It is well established that subjects with liver cirrhosis are insulin resistant, but the contribution of defects in insulin secretion and/or action to glucose intolerance remains unresolved. Healthy individuals and subjects with liver cirrhosis were studied on two occasions: 1) an oral glucose tolerance test was performed, and 2) insulin secretion was inhibited and glucose was infused in a pattern and amount mimicking the systemic delivery rate of glucose after a carbohydrate meal. Insulin was concurrently infused to mimic a healthy postprandial insulin profile. Postabsorptive glucose concentrations were equal (5.36 ± 0.12 vs. 5.40 ± 0.25 mmol/l, P = 0.89), despite higher insulin (P <0.01), C-peptide (P <0.01), and free fatty acid (P = 0.05) concentrations in cirrhotic than in control subjects. Endogenous glucose release (EGR; 11.50 ± 0.50 vs. 11.73 ± 1.00 μmol·kg -1·min -1, P = 0.84) and the contribution of gluconeogenesis to EGR (6.60 ± 0.47 vs. 6.28 ± 0.64 μmol·kg -1· min -1, P = 0.70) were unaltered by cirrhosis. A minimal model recently developed for the oral glucose tolerance test demonstrated an impaired insulin sensitivity index (P <0.05), whereas the β-cell response to glucose was unaltered (P = 0.72). During prandial glucose and insulin infusions, the integrated glycemic response was greater in cirrhotic than in control subjects (P <0.05). EGR decreased promptly and comparably in both groups, but glucose disappearance was insufficient at the prevailing glucose concentration (P <0.05). Moreover, identical rates of [3- 3H]glucose infusion produced higher tracer concentrations in cirrhotic than in control subjects (P <0.05), implying a defect in glucose uptake, In conclusion, carbohydrate intolerance in liver cirrhosis is determined by insulin resistance and the ability of glucose to stimulate insulin secretion. During prandial glucose and insulin concentrations, EGR suppression was unaltered, but glucose uptake was impaired, which demonstrates that intolerance can be ascribed to a defect in glucose uptake, rather than abnormalities in glucose production or β-cell function. Although insulin secretion ameliorates glucose intolerance, impaired glucose uptake during physiological glucose and insulin concentrations produces marked and sustained hyperglycemia, despite concurrent abnormalities in glucose production or insulin secretion.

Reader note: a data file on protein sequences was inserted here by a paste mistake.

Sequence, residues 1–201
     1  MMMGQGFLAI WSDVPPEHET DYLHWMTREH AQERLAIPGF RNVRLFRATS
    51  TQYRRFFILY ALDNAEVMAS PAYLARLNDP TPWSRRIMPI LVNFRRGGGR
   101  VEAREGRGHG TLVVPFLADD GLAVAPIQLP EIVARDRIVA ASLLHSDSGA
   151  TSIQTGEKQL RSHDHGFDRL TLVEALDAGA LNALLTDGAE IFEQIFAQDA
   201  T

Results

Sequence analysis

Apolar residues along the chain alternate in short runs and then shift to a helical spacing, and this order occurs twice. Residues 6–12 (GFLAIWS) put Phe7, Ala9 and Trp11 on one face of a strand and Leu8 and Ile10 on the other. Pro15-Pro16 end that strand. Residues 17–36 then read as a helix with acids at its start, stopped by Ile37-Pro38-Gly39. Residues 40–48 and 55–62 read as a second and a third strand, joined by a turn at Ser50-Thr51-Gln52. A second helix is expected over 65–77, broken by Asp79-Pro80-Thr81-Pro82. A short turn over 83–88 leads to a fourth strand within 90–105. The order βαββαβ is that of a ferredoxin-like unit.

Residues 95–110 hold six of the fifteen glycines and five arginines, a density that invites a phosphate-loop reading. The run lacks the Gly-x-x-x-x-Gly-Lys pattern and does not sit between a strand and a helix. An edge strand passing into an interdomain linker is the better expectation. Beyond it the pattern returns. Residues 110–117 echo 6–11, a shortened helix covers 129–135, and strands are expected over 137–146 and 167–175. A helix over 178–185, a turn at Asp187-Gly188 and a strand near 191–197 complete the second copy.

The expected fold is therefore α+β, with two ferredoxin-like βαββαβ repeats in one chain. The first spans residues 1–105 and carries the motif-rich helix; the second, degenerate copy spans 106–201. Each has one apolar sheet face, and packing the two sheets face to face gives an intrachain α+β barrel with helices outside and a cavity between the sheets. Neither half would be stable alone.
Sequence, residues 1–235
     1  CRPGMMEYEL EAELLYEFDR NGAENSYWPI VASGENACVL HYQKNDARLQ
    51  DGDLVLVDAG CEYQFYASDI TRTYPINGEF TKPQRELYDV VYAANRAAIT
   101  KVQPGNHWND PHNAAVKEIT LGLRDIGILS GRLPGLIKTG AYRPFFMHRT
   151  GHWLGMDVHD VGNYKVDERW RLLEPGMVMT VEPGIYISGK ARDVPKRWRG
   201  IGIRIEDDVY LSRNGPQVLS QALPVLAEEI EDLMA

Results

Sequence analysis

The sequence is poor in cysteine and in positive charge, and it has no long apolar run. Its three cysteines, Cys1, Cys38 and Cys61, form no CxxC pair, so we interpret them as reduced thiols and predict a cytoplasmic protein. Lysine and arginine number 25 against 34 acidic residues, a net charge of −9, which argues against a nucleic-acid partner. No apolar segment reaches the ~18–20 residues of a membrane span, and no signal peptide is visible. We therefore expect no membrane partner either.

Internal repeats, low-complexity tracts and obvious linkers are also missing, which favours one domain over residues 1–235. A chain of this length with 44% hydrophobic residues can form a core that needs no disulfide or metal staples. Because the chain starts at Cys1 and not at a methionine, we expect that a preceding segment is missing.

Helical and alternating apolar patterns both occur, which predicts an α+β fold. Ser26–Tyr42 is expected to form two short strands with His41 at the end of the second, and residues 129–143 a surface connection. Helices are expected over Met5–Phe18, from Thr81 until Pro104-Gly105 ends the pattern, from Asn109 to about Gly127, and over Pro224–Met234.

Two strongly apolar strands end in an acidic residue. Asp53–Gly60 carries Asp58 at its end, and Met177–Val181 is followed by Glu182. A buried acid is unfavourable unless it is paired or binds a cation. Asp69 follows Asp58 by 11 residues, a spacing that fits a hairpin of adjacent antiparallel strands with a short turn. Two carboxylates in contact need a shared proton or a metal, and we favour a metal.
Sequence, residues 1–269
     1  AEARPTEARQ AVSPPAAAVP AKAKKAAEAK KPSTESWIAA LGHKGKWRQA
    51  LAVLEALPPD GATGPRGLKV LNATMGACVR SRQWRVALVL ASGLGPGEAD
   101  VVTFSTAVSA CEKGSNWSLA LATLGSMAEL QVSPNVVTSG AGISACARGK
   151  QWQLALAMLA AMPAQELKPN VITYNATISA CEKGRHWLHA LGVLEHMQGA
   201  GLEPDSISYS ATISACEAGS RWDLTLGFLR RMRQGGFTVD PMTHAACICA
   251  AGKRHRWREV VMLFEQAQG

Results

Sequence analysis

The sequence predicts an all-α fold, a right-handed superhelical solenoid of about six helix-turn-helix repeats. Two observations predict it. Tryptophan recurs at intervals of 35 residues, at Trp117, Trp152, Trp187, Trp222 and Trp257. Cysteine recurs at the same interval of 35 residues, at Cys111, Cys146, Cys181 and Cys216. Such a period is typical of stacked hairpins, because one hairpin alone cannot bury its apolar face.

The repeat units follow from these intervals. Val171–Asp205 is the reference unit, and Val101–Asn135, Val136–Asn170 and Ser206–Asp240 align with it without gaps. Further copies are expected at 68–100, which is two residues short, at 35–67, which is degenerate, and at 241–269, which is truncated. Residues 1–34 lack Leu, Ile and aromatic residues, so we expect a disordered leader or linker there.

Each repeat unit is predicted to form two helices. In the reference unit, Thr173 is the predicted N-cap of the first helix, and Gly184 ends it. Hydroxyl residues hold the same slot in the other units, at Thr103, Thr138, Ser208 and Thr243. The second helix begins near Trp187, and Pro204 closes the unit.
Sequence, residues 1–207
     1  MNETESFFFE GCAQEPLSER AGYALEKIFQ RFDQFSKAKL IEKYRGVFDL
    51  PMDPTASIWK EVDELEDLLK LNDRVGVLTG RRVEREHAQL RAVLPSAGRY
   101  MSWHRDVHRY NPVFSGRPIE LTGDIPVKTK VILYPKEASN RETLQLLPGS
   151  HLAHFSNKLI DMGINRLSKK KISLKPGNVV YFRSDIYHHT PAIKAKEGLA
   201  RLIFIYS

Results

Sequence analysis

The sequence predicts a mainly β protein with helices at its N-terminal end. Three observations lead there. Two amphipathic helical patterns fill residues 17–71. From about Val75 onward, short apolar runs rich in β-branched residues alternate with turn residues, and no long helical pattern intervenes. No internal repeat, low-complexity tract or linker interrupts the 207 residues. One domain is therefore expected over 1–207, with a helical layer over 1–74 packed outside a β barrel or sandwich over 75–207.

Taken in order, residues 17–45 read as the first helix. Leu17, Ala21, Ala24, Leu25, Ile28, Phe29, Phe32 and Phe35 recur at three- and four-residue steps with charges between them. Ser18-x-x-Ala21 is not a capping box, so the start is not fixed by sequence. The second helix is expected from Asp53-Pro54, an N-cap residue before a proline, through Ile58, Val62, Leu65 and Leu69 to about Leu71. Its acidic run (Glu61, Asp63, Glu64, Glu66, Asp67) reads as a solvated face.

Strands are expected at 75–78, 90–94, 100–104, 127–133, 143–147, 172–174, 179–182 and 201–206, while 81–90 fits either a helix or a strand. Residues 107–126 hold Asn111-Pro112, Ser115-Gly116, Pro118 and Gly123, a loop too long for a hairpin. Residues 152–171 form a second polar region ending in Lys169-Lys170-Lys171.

|Journal||American Journal of Physiology - Gastrointestinal and Liver Physiology|
|Issue number||6 51-6|
|Publication status||Published - Jun 2005|
- Insulin action
- Minimal model
ASJC Scopus subject areas